UC Davis theriogenology specialists Drs. Autumn Davidson, Ghislaine Dujovne (holding dogs) and Bruce Christensen (in blue shirt) join Anita Migday and Charles Franz, representatives of the Theriogenology Foundation, who along with the AKC, have supported a new Theriogenology Residency at UC Davis School of Veterinary Medicine.
January 21, 2014 - UC Davis School of Veterinary Medicine is pleased to announce the addition of a new residency in reproductive medicine for companion animals, thanks to a generous gift from the American Kennel Club (AKC) and the Theriogenology Foundation. The novel two-year Theriogenology Residency Program will provide specialty training in all aspects of reproductive medicine and surgery, as well as all features of clinical practice related to male and female reproduction, obstetrics and neonatology in companion animals.
“The AKC and the Theriogenology Foundation recognize a joint commitment to breeding as an invaluable tool for the continued improvement of the genetic health of dogs,” said Alan Kalter, AKC's chairman. “We are thrilled to establish this program, which we hope will bear a greater understanding of and respect for the purpose-bred dog.”
Not only will the resident receive specialty instruction in all aspects of reproductive medicine, the resident will also rotate through the Surgery Service and be jointly supervised by board-certified specialists in our Internal Medicine Service and/or Surgery Service, as well as our Small Animal Theriogenology Service. Such training will qualify the resident to perform surgery when necessary.
“This will be one of the first theriogenology residencies in the nation with a companion animal focus,” said Dr. David Wilson, director of UC Davis' Veterinary Medical Teaching Hospital (VMTH). “The AKC and the Theriogenology Foundation are making a significant financial commitment to train people to address real societal needs.”
Theriogenology is often seen as an ancillary service in veterinary medicine, and few clinics offer the services of a reproductive specialist, which is why the AKC decided to invest in training more veterinarians in this field.
“Since 1884, the American Kennel Club has recognized that ancestry is the tool that best predicts a dog’s health, temperament and working skills,” said Dr. Anita Migday, president of the Theriogenology Foundation board. “Now, in 2014, the AKC is investing in the next generation of veterinary specialists who will merge science and breeding practices to accelerate improvements in canine health and predictability.”
Board certification in theriogenology requires experience with multiple species, explained Dr. Bruce Christensen, chief of the Small Animal Theriogenology Service at the VMTH. The resident will receive on-site and off-site training with enthusiastic collaborators in private practice to gain all necessary experience and skills. The resident will also spend two months of the two-year program working with farm animals in the VMTH's Livestock Herd Health and Reproduction Service; another two months will be spent with the VMTH's Equine Reproduction Service.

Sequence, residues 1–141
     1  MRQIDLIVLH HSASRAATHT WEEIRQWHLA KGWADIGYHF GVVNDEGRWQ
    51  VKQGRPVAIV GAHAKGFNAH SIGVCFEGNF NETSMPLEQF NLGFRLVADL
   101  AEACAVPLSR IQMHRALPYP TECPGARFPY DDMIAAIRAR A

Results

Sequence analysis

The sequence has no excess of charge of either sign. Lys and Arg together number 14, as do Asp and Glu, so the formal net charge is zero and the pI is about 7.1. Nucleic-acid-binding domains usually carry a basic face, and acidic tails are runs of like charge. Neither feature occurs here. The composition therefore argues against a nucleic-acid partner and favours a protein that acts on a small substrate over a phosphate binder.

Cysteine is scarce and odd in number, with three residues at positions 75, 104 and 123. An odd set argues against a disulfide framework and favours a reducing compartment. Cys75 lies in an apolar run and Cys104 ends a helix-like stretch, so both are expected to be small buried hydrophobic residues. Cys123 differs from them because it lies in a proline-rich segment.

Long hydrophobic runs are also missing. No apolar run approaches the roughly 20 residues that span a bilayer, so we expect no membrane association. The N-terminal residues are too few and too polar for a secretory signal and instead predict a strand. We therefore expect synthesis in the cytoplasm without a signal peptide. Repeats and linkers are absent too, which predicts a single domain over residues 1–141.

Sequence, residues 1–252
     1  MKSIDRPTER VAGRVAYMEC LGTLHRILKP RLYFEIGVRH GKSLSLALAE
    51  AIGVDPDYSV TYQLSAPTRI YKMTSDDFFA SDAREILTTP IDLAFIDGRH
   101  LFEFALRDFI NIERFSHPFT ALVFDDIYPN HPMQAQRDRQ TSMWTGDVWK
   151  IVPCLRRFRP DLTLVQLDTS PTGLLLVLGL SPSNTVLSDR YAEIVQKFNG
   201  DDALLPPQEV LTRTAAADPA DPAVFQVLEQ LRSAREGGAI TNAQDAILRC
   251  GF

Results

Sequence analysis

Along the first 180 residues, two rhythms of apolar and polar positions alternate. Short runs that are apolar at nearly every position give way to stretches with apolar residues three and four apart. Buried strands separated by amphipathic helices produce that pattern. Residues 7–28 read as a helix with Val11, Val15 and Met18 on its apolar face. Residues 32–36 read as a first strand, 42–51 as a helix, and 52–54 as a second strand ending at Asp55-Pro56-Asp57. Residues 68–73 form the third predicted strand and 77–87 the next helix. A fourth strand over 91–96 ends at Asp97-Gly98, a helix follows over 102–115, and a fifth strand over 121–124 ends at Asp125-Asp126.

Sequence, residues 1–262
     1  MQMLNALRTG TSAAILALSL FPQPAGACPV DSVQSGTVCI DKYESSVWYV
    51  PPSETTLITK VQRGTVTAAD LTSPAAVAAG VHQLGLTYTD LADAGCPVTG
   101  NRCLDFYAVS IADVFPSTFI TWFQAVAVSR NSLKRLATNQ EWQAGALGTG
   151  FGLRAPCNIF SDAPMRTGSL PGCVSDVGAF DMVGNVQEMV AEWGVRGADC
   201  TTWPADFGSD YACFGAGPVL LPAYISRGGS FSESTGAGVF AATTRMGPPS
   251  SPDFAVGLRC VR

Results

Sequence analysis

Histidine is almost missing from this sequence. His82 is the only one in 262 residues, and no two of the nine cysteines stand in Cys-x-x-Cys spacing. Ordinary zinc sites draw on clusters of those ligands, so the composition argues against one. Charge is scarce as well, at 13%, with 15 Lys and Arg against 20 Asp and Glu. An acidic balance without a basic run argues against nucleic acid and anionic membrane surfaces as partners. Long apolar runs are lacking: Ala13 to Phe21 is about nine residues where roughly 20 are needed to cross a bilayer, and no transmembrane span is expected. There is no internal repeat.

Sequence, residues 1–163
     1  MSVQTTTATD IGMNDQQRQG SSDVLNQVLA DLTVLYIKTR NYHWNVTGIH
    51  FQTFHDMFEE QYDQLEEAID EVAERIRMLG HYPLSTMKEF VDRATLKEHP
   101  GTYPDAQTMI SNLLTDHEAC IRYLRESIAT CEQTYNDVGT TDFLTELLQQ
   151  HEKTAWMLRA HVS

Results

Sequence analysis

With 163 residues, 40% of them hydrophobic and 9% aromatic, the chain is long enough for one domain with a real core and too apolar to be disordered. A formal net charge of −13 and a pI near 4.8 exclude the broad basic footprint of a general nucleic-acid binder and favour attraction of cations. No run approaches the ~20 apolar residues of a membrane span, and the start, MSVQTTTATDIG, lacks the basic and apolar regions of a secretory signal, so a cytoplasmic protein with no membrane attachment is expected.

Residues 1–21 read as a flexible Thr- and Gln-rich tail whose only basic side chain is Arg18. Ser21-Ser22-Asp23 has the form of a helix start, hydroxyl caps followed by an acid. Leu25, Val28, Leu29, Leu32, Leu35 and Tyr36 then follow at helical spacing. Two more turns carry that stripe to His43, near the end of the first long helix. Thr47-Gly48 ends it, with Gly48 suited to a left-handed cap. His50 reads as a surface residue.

“Training residents in various specialties is the responsibility of institutions like UC Davis. Until this year, small animal theriogenology residencies have been very rare, which is why the AKC and Theriogenology Foundation have funded this,” Dr. Christensen said. “These specialists play a key role in responsible breeding and should be experts in the field to make the best decisions for their patients.”
The initial financial commitment of $100,000 from the AKC and Theriogenology Foundation will support one resident over the two-year program. “Our goal is to have the program continue and to bring in a new resident every two years,” Dr. Wilson said.
The AKC and Theriogenology Foundation will also fund similar residencies at University of Pennsylvania School of Veterinary Medicine and Auburn University College of Veterinary Medicine.
About the Veterinary Medical Teaching Hospital
The William R. Pritchard Veterinary Medical Teaching Hospital at the University of California, Davis—a unit of the School of Veterinary Medicine—provides state-of-the-art clinical care while serving as the primary clinical teaching experience for DVM students and post graduate veterinarian residents. The VMTH treats more than 45,000 animals a year, ranging from cats and dogs to horses, cows and exotic species. To learn more about the VMTH, please go to http://www.vetmed.ucdavis.edu/vmth. Timely news updates can be received on its Facebook (www.facebook.com/ucdavisvetmed) and Twitter (www.twitter.com/ucdavisvetmed) pages.
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